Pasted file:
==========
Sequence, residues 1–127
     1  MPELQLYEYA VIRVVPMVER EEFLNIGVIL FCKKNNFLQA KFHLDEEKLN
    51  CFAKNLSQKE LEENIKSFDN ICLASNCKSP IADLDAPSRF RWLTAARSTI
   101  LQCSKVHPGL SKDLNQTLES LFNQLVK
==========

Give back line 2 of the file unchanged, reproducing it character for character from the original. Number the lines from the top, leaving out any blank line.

     1  MPELQLYEYA VIRVVPMVER EEFLNIGVIL FCKKNNFLQA KFHLDEEKLN